If you are going to Takayama, Takayama Jinya makes for an interesting historical stop on your itinerary. Takayama Jinya’s building served as the governor’s house and also as a regional office for the Tokugawa shogunate. It is classified as a National Historic Site of Japan, and is the only one of its kind to have survived in all of Japan! Find out what you can see in this traditional Japanese building.
History of Takayama Jinya
Initially, Takayama Jinya’s building was constructed in 1615 as the residence of the then lord of Hida, Kanamori. In 1692, Hida Province, which capital was Takayama, came under the direct control of the Tokugawa Shogunal Government. From that date, the governor of Hida was appointed by the Shogun. Takayama Jinya Building then became the seat of Hida’s government between 1692 and 1868.
The Tokugawa government directly controlled 60 provinces including Hida Province. For about 180 years, 25 generations of administrators were sent to Takayama of Edo (the old name of Tokyo). This building served as a court, for tax collection, and as a prison. At the back of this building, there is also a private part of the governor’s office.
The present building was rebuilt in 1816. Finally in 1867, the Tokugawa shogunal government gave back its power to the Emperor and the building came under the control of Hida prefecture. It remained as Hida’s administrative office until 1969.
Takayama Jinya Points of Interest : Administrative Part
The Entrance Hall (玄関之間) dates from 1816 and was used as the entrance reserved for high-ranking samurai to visit the administrative office. An interesting point is that the the entrance board is placed quite low in relation to the other entrances. This facilitated the entry of high-ranking samurai coming to Kago. They used a kind of sedan chair which was a widely-used means of transportation during the Edo period.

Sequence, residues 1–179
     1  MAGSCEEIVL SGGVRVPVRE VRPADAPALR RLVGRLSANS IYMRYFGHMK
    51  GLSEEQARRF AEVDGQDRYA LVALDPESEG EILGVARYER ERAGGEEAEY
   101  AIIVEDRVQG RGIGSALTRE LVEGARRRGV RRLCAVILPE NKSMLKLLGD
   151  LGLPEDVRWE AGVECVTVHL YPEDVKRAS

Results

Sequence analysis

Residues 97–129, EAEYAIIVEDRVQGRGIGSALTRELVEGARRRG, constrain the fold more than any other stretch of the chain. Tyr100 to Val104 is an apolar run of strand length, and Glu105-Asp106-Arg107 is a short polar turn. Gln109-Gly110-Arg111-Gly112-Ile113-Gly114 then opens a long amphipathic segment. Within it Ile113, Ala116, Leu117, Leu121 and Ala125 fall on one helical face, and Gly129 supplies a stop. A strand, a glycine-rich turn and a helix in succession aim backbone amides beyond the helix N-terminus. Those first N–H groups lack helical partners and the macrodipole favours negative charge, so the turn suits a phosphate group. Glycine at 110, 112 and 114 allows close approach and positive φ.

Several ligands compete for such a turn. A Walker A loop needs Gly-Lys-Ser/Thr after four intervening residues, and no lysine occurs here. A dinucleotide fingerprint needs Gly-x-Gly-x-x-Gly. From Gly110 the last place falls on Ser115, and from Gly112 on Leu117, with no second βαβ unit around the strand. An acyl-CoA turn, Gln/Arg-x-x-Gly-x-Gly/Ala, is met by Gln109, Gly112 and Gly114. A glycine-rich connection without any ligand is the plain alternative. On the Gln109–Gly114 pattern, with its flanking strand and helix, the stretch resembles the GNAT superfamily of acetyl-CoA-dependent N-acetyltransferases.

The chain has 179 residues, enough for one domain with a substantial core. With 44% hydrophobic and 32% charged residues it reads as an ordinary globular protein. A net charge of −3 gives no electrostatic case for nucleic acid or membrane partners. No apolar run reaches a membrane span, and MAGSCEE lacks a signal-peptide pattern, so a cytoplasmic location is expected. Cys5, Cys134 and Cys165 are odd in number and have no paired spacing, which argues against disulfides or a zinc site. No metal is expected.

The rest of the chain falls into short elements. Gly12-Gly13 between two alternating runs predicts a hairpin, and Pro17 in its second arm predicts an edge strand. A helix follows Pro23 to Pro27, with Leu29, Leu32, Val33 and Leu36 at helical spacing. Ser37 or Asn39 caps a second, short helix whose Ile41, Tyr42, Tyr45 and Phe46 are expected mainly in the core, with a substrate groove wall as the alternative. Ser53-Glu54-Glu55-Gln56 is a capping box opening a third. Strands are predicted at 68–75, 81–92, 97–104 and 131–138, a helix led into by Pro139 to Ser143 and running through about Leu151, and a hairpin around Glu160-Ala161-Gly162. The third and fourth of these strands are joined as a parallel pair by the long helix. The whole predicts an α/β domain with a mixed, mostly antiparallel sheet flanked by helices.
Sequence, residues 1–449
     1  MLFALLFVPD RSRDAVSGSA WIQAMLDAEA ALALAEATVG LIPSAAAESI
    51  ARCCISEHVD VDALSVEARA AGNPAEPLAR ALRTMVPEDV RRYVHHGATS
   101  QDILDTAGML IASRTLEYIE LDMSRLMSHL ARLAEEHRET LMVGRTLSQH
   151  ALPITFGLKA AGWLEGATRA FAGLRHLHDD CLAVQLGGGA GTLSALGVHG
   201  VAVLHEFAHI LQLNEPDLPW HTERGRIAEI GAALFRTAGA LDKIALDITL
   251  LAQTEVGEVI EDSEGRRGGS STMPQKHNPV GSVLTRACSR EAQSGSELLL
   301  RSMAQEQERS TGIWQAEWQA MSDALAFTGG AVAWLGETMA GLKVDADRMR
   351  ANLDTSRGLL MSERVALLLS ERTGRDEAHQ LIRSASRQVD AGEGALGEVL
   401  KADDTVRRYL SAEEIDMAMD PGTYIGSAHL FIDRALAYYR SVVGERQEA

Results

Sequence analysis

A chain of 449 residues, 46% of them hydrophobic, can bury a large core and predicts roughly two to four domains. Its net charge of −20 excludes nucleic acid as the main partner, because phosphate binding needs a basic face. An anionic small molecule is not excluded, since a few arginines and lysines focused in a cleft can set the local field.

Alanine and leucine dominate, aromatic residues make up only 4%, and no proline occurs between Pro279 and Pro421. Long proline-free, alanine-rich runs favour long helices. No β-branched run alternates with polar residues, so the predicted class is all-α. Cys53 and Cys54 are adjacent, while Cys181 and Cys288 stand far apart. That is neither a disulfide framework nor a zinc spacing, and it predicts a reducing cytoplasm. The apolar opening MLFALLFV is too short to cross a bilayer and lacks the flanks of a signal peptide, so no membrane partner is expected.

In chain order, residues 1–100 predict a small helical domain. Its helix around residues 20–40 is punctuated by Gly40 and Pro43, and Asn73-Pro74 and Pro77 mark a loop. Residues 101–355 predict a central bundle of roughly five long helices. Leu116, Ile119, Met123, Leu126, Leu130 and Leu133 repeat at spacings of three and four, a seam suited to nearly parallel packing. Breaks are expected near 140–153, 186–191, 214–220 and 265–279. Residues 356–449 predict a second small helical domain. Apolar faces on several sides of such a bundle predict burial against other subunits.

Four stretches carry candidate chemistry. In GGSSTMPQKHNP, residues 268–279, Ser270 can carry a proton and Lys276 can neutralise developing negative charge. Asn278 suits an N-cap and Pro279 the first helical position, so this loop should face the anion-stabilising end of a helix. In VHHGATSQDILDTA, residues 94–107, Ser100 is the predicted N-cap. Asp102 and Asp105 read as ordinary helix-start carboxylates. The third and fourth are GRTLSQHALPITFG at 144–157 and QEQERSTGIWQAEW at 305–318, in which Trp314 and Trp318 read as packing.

On the wall of the hall, we can notice the Sei-gai-ha (青海波) pattern, literally the waves of the blue sea: it was the favorite pattern of the Tokugawa family. The waves never stop, so it was the symbol of family prosperity.
After the Entrance Hall you can find 2 rooms that were used for offices. These offices were clearly separated according to status. The first room, called Oyakusho (御役所) was for government representatives. Goyoba (御用場) is the second room, for local representatives. We can see this difference in use according to status by the tatami border patterns. The border of Oyakusho is decorated, and the border of Goyoba is without a pattern.
The part just in front of 2 offices was used for the court of justice (interrogation room) reserved for civil cases (there is another room for criminal cases).
Each post had its own office: in Takayama Jinya we have the temple room (寺院詰所), the room of the village representatives (町年寄詰所), and the room of the village administrators (町組頭詰所). After the banning of Christianity in 1612, the Japanese were obliged to convert to Buddhism and to register with the temples closest to their homes.
The monks had a list of the registered inhabitants of their temple, and it was the temple that issued a kind of certificate of residence at the time. During the Edo period, in order to leave their prefectures, one had to ask a monk to issue a kind of passport. So the monks handled administrative matters, which is why they had their own room at Takayama Jinya. Each room had its own entrance.